The Walter J. Brown Media Archives & Peabody Awards Collection at the University of Georgia Libraries will host Ambassador Andrew Young as he presents the premiere of his new feature-length civil rights documentary, How We Got Over, at 7 p.m. on Monday, March 30.
The event, in Room 102 of the Miller Learning Center, is free and open to the general public, as well as UGA students, faculty and staff.
How We Got Over uses unique archival footage from the WSB and WALB Newsfilm Collections to re-frame the story of the civil rights struggle. The immediacy of this footage, mostly unseen since the time of its original broadcast in the 1950s and ‘60s, brings our nation’s struggle for racial equality to life.
An abridged version of the documentary was broadcast nationally as an episode of the series Andrew Young Presents. The feature-length version, to be seen here for the first time, includes never-before shown material, including a 2009 interview with Charlayne Hunter-Gault, one of the first African Americans to attend the University of Georgia and an alumna of the Grady College of Journalism and Mass Communication. Young will introduce the film and answer questions after the screening.
Young, former congressman, United Nations Ambassador and mayor of Atlanta, was a leader in the American Civil Rights Movement. According to Robert A. Pratt, professor and head of the UGA department of history, “as one of Dr. Martin Luther King’s closest advisors and confidants during the 1960s, Young brings a unique perspective to the tragedies and triumphs that reflected at once the worst and the best of American society as it struggled to make good on the promises of freedom and equality for all. Those of this current generation who believe that the election of President Barack Obama has ushered in a new ‘post racial’ order will most surely have their eyes opened as they reflect upon the sacrifices made to get us to this point.”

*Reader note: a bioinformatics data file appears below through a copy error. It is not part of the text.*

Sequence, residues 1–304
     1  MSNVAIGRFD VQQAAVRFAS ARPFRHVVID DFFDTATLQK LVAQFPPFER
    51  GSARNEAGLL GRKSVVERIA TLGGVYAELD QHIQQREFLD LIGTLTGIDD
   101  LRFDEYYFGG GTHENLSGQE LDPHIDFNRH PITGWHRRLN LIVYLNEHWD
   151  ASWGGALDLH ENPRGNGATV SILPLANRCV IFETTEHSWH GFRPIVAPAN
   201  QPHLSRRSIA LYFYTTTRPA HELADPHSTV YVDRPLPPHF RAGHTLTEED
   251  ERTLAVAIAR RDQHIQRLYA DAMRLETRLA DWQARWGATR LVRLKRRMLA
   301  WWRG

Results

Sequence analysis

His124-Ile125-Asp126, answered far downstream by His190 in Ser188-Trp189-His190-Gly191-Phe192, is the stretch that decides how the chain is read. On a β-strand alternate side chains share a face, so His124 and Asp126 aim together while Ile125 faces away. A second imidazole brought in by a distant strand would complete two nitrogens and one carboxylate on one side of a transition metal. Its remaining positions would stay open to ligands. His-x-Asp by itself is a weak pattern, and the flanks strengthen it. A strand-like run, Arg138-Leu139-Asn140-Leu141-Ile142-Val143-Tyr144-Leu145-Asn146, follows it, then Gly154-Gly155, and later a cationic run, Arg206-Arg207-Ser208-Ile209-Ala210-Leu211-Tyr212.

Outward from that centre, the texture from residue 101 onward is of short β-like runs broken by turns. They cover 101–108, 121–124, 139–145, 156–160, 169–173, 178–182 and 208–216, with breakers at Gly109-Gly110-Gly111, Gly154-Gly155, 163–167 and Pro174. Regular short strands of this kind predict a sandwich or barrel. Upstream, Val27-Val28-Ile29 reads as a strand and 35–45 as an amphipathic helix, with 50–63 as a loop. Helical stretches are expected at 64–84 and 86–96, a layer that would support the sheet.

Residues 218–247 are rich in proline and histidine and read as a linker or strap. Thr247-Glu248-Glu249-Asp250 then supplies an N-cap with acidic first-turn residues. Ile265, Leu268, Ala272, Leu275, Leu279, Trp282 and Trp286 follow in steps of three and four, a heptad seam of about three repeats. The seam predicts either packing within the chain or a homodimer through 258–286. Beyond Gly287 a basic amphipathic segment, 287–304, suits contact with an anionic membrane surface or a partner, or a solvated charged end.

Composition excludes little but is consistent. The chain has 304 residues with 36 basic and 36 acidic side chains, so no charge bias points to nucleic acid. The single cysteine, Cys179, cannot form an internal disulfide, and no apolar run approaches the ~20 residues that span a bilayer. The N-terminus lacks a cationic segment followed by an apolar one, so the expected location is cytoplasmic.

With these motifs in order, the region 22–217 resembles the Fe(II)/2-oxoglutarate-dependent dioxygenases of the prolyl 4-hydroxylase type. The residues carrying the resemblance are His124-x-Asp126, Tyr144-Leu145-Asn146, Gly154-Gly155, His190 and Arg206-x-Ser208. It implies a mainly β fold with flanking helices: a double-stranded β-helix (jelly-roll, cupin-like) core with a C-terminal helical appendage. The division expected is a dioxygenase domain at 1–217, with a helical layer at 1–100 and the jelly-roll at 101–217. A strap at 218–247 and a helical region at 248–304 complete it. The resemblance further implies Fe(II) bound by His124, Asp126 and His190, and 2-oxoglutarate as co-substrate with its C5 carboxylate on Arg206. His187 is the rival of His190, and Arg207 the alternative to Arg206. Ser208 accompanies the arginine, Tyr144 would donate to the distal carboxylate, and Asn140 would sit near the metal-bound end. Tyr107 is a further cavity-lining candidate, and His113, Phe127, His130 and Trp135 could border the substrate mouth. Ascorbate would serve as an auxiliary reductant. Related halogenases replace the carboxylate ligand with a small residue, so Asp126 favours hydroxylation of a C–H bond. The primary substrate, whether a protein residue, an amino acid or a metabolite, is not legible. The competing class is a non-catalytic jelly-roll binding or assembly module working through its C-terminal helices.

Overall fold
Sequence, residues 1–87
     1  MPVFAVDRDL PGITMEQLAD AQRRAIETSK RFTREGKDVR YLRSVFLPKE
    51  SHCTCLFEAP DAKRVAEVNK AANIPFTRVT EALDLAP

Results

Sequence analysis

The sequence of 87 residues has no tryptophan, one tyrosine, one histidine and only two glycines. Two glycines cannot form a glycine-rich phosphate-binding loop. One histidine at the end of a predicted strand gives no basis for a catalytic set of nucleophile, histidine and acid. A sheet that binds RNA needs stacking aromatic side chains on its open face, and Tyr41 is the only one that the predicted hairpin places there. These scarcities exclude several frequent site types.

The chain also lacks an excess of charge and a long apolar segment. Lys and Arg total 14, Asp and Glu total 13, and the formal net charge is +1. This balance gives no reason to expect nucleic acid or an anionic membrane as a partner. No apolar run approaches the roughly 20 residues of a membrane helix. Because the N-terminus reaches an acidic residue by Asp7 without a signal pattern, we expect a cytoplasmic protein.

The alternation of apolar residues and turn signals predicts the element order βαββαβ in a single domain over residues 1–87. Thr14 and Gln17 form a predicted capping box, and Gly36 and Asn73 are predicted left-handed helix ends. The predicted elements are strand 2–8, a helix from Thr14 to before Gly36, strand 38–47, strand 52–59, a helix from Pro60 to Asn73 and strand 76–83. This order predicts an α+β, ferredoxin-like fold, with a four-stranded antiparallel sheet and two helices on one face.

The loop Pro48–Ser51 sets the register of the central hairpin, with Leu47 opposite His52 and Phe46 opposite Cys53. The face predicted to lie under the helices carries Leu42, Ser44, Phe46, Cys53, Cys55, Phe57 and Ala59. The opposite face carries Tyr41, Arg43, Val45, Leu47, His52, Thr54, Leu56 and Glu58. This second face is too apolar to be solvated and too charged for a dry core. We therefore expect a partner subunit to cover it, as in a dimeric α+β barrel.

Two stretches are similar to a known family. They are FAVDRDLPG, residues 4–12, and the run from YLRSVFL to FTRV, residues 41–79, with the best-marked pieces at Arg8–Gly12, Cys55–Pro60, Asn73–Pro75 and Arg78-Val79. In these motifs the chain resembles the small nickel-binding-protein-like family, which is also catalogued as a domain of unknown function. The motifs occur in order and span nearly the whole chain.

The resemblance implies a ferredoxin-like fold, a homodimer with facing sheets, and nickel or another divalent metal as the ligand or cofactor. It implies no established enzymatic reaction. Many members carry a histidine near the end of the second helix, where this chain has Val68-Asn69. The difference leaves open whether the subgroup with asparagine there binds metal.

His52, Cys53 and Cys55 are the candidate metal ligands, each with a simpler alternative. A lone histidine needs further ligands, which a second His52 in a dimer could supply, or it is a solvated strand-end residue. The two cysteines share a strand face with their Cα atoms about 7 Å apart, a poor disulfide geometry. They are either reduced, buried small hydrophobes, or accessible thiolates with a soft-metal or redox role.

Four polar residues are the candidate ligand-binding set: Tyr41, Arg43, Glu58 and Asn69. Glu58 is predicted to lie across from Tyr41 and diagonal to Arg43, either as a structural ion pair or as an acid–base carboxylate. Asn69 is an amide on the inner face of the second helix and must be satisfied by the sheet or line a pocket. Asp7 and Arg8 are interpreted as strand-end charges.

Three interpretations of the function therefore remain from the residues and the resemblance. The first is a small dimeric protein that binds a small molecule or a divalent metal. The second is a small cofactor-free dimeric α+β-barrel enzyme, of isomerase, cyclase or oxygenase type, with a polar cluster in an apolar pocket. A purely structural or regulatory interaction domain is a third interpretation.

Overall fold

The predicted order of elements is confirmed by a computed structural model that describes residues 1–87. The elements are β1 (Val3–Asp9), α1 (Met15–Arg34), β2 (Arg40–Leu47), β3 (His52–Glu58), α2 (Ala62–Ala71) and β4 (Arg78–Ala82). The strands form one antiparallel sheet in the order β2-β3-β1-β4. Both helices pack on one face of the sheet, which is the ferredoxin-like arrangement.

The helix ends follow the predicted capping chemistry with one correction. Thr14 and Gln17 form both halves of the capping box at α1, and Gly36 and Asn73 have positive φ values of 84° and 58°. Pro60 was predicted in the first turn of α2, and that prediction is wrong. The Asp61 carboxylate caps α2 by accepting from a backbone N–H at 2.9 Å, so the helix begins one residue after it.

How We Got Over draws on raw news footage from WSB-TV in Atlanta and WALB-TV in Albany. Held by the UGA Libraries’ Walter J. Brown Media Archives and Peabody Awards Collection, the moving images—about 450 clips—cover a broad range of key civil rights events. The clips also provide the foundation for UGA’s Civil Rights Digital Library.
“The video archive covers both national figures and local leaders,” according to Ruta Abolins, director of the Brown archives. “There is more than two hours of film related to Martin Luther King Jr. Dr. King’s role in the Albany movement is documented extensively, including clips of speeches at mass meetings, his arrest by local police, press conferences, and his visit to a pool hall to urge local African Americans to adopt non-violence in achieving change in Albany.”
For more information see www.andrewyoung.org or http://crdl.usg.edu.